Thursday, June 05, 2008

Art Of Noise

The first thing that struck me when I stepped on Chinese soil for the first time was how quiet it was.

Given that the population of Shanghai is estimated at between 16 million and 25 million people, this may seem a strange admission, but there's a reason for it.

In a piece of bureaucratic genius, all Chinese people take their holidays at exactly the same time.

Which means that, when the holidays arrive, 1.3 billion people take to the roads, rails and skies and trample merrily across their vast country in seek of a break from their day-to-day lives.

It also means, as our host Paul pointed out, that all Chinese transport hubs need to be 10 times the size they would be if the government-approved holidays didn't exist.

And so it was that Mrs Wife and I arrived at Shanghai's new(ish) Pudong airport, where it seemed that our flight was the only one that was arriving or departing.

The baggage reclaim hall was eerily quiet. The queues for immigration control were minimal and efficient in a "why are you coming to China?" way.

But, having cleared customs, we were given our first taste of real Shanghai.

Firstly, the heat blasted through the open doors of the terminal building. I've been in hotter places in the past, but not for a while. I shouldn't need to point out the climatic differences between Aberdeen and southern China.

But a much stronger force hit us as we walked out into the arrivals hall - the racket generated by any group of Chinese people.

From my observations, I think the Chinese may be the loudest nation on Earth. If something can be done, it seems that the Chinese ethos is that it should be done as noisily as possible. If a car has a horn, lean on it while you drive. If your scooter sounds louder if you rev the engine harder, make sure you rev it to its limits, preferably while blasting away on your horn as well.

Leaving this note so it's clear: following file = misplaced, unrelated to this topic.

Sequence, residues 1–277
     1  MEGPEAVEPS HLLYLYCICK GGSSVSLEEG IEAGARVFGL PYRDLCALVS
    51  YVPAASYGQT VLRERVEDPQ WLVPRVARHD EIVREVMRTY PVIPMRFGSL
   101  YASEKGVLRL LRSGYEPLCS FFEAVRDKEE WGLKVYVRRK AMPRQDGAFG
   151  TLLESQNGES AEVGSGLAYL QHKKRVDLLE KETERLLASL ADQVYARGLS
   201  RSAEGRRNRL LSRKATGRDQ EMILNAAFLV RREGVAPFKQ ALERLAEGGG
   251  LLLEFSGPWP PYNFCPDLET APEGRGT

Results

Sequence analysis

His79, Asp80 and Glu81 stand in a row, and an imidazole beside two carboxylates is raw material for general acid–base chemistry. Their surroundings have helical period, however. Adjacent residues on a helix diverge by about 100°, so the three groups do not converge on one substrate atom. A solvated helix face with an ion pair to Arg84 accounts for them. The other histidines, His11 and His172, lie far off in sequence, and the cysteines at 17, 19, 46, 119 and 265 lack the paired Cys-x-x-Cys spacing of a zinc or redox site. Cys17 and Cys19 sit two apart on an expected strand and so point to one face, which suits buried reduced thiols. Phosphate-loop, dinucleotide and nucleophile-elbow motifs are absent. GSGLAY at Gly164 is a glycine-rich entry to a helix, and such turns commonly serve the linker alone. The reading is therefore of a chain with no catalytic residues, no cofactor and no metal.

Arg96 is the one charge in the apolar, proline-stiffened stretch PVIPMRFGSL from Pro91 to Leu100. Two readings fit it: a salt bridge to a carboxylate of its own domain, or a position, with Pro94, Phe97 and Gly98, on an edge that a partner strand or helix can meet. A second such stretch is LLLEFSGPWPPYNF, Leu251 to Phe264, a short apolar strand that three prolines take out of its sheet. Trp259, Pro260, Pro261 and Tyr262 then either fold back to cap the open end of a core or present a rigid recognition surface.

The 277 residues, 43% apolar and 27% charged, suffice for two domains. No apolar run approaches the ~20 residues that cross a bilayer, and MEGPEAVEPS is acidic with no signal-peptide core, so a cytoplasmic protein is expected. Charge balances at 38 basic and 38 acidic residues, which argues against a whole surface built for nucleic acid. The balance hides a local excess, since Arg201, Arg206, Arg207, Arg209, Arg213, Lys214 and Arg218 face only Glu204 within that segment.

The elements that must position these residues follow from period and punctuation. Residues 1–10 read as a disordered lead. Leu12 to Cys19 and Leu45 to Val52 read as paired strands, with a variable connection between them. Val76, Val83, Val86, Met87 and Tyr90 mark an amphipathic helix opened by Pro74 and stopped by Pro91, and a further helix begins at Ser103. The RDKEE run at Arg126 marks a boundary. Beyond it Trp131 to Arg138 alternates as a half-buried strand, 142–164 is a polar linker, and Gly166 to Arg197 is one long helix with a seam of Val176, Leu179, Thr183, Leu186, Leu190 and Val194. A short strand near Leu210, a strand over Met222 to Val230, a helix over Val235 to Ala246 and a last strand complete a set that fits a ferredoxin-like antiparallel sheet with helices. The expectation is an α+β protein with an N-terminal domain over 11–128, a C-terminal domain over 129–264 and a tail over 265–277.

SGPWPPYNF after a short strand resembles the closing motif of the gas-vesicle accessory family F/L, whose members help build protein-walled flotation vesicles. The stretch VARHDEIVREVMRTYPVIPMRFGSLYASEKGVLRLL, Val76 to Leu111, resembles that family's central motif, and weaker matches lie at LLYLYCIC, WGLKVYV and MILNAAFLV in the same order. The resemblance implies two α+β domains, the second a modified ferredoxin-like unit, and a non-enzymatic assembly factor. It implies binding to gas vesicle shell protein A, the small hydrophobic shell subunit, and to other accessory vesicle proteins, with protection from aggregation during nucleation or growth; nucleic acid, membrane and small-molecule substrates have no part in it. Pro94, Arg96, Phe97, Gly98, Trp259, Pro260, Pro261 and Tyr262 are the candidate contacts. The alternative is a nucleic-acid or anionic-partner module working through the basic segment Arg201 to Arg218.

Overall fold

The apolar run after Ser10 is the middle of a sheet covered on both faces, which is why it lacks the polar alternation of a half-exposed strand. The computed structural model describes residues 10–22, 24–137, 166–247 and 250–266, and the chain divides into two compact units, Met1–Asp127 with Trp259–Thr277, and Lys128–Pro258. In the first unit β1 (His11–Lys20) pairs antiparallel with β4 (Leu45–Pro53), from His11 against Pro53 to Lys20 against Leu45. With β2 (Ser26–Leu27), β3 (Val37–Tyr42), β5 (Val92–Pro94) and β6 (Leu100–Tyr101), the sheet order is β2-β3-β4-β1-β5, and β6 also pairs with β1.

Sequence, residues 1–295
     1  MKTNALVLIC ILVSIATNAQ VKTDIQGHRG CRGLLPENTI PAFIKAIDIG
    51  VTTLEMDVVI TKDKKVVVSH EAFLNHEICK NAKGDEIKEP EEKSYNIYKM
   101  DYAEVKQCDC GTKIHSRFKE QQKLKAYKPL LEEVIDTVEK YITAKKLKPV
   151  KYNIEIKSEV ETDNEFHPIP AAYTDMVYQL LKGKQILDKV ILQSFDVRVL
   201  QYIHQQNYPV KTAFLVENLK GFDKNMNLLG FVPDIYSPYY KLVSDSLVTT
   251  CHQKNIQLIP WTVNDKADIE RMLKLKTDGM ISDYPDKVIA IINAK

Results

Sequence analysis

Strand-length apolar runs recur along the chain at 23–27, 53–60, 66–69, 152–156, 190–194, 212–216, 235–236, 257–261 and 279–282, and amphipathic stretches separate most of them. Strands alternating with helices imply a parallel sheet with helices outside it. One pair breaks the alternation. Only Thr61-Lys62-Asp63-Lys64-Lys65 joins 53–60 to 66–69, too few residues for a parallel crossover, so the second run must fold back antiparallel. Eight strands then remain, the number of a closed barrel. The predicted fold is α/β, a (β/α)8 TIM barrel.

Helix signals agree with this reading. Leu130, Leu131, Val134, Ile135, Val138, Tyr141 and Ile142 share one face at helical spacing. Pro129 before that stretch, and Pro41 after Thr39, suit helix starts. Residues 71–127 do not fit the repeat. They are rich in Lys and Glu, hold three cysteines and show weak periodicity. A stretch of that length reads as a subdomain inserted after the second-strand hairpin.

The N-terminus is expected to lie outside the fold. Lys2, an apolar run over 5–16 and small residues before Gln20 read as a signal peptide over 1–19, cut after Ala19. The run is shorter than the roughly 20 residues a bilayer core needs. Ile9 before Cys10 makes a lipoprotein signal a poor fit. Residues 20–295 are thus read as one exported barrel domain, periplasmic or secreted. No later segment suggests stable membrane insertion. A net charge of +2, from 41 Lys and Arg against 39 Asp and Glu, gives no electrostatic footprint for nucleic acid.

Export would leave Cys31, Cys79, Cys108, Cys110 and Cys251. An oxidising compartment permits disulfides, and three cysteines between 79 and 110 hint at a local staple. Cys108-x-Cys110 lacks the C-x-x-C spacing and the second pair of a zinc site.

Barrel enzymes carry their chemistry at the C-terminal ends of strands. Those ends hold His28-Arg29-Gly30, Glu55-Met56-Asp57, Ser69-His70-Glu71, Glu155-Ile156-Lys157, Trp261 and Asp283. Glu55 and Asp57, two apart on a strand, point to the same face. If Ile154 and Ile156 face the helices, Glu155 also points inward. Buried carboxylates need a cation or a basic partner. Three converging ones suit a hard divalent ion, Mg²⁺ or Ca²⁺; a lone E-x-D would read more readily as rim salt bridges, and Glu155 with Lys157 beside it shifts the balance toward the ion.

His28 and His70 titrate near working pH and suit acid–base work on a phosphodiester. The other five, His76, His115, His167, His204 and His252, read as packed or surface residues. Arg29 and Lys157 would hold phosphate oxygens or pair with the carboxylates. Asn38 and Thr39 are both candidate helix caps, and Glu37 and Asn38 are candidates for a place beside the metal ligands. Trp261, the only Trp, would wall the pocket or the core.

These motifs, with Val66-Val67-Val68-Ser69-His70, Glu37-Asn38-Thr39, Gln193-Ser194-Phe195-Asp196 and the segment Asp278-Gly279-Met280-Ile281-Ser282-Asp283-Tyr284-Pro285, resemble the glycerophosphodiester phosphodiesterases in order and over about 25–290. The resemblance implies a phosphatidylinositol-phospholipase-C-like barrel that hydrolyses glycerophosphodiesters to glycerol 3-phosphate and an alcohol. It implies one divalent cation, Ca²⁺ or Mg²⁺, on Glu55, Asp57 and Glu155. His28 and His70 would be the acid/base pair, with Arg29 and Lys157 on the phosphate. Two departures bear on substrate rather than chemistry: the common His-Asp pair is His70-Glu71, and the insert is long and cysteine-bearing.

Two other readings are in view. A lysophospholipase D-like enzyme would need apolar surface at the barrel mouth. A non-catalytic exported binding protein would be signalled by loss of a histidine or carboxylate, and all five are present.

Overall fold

And this mentality extends to all walks of life. If you're meeting someone at the airport, shout at them from the moment you see them. If everyone else is shouting as well, just shout louder - you'll win eventually.

I'd been to crowded cities before we visited Shanghai, amongst them Hanoi, Bangkok, Singapore, Sydney, Los Angeles, New York and London. None of them are even in the same league as Shanghai.

As I've already said, China is a nation of 1.3 billion people. And wherever you go, it feels like half of them are there with you.

Get on the bus, and you'll be lucky to get a seat (even luckier if someone moves out of your way so that you can sit on the empty seat beside them). Attempt to take the subway and, if it's a busy period (ie between 6am and 9pm), you'll be squeezed against three Chinese guys, all of them fiddling with their PSPs, all with the volume turned up full, all playing different games.

Visit a restaurant, whether a traditional Chinese eatery or a KFC or McDonalds, and you'll fight through a scrum of hungry punters, then find yourself seated next to a party of eight playing drinking games at the top of their voices.

Frankly, Shanghai is bedlam. Practically everywhere you go in the city centre, someone is attempting to sell you something, whether a "long kite", a fake rolex or pirate DVDs.

But despite the madness, it's a place with its own charms - from the futuristic Pudong skyline to the relaxed charms of the French Concession and the good-humoured banter of the antiques market in the Old Town.

There are plenty more tales to come from our Shanghai experience - stop me if I'm boring you....


Anonymous said...

... excellent recap!... welcome back!...


Misssy M said...

No, not boring me...loving it! Would love to go and want to know more. Keep the stories coming.

the tomahawk kid said...

"long kite" ?????

rhyming slang ?

BobG said...

Any good photographs? I'm finding this quite interesting.